A Candler student and alumnus were among those honored at the 2019 Emory Pride Awards on March 5. Sponsored by the university’s Office of LGBT Life, the annual awards celebrate the contributions to the LGBTQ community on Emory’s campus and in the Atlanta community.
Second-year MTS student Jane Nichols won the Excellence in LGBTQ Writing Award, given to a student who has contributed an outstanding piece of writing on LGBTQ issues, including fiction, nonfiction, poetry, op-ed pieces, reporting, or blogging. Nichols was recognized for her academic paper “The Priest at the Mass, the Person of Christ, and the Transgender Body,” which she presented at the American Academy of Religion annual meeting in November 2018.
Nichols’ nominator wrote, “Jane is revolutionizing Christian theology, in no small part because she is one of the first out trans women theologians to confront the transphobia within queer theology itself. In her paper, she argues for a new way of understanding how the body of the priest at the mass represents Christ, and why a trans woman is the most theologically and symbolically resonant person to preside over the table.”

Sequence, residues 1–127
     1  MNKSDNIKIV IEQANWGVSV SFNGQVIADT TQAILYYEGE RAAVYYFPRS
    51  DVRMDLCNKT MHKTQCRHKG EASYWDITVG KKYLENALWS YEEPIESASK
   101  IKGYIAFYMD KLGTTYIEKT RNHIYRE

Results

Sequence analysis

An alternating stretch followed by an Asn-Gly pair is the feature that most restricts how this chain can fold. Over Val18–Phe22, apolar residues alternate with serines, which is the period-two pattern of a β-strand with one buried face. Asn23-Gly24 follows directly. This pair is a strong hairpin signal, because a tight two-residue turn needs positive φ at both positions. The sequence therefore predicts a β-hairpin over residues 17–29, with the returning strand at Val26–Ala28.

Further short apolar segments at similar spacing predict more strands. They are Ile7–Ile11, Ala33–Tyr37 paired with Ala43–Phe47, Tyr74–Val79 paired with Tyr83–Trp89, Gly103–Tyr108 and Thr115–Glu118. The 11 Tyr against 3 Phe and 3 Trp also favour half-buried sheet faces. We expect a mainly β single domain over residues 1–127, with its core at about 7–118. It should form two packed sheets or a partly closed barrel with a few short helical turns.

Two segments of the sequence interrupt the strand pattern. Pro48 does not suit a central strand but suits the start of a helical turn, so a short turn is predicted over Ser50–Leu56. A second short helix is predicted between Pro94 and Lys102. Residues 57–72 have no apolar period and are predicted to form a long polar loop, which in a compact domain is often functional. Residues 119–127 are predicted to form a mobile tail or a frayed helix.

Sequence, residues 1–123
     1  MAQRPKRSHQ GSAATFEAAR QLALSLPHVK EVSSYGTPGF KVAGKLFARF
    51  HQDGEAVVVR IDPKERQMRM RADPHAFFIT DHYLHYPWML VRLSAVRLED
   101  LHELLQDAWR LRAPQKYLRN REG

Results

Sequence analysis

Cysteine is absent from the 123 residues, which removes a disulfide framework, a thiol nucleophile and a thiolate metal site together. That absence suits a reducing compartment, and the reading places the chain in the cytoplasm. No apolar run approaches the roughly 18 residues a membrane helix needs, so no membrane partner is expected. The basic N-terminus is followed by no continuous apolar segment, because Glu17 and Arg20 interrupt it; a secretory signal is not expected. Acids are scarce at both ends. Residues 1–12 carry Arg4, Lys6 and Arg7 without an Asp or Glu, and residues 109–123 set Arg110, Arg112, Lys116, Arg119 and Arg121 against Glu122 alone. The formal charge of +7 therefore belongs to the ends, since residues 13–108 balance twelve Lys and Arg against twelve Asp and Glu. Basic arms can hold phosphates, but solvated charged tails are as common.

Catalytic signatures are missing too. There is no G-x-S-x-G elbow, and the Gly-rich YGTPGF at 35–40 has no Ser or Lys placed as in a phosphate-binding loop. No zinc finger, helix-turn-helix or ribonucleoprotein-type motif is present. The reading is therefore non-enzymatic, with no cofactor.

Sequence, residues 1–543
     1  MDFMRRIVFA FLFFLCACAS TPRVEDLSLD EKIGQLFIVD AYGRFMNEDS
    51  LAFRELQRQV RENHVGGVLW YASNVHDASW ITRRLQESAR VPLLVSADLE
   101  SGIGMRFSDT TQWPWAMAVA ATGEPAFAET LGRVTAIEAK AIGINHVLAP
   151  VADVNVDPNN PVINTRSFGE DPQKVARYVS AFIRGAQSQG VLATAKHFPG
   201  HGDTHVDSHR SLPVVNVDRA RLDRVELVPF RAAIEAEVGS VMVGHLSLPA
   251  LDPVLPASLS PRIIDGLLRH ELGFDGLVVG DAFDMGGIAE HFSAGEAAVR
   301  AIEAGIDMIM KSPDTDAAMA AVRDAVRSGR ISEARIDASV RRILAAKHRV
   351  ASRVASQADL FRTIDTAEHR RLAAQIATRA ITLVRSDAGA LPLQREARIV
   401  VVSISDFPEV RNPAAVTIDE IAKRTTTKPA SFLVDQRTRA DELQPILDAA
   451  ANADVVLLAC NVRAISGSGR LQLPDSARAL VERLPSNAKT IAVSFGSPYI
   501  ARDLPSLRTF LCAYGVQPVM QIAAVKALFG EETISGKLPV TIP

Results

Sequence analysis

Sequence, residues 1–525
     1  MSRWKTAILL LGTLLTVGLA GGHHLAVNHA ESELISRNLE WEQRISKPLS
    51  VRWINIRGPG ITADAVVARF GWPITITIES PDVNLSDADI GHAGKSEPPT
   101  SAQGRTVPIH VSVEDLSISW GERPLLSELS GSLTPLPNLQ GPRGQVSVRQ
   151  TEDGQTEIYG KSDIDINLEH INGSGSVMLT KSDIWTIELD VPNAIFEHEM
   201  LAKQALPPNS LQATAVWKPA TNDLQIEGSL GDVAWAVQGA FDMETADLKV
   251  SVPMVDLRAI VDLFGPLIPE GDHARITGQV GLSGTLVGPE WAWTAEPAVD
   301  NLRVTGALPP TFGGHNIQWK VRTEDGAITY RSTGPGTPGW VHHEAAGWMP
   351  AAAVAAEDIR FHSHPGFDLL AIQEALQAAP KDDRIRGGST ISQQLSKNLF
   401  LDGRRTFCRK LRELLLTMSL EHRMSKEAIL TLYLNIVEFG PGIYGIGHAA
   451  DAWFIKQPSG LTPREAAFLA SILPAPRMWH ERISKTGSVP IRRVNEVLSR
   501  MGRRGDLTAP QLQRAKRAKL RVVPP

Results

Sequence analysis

Crawford (right) with Acting Dean of the Chapel and Spiritual Life Lisa Garvin 03T.
Kevin Crawford 14T 17T, assistant chaplain in Emory’s Office of Spiritual and Religious Life, was honored with the Rev. Dr. Susan Henry-Crowe Keeping the Faith Award. A Candler alumna, Henry-Crowe 76T served for 22 years as Emory’s dean of the chapel and religious life. The award honors an individual, department, or organization that has made meaningful contributions toward the creation of a welcoming and accessible campus environment for queer people of faith at Emory. Since the award’s inception in 2011, six out of eight recipients have had ties to Candler.
Of Crawford, his nominator says, “As a chaplain at Emory, Kevin brings issues of justice to the table every day. He works with and challenges both leaders and scholars. He teaches students to think critically about their own faith traditions as they intersect with issues of justice, especially around sexuality, gender, and race. He is also the first person to provide support to students as they develop programs to bring light to social justice issues.”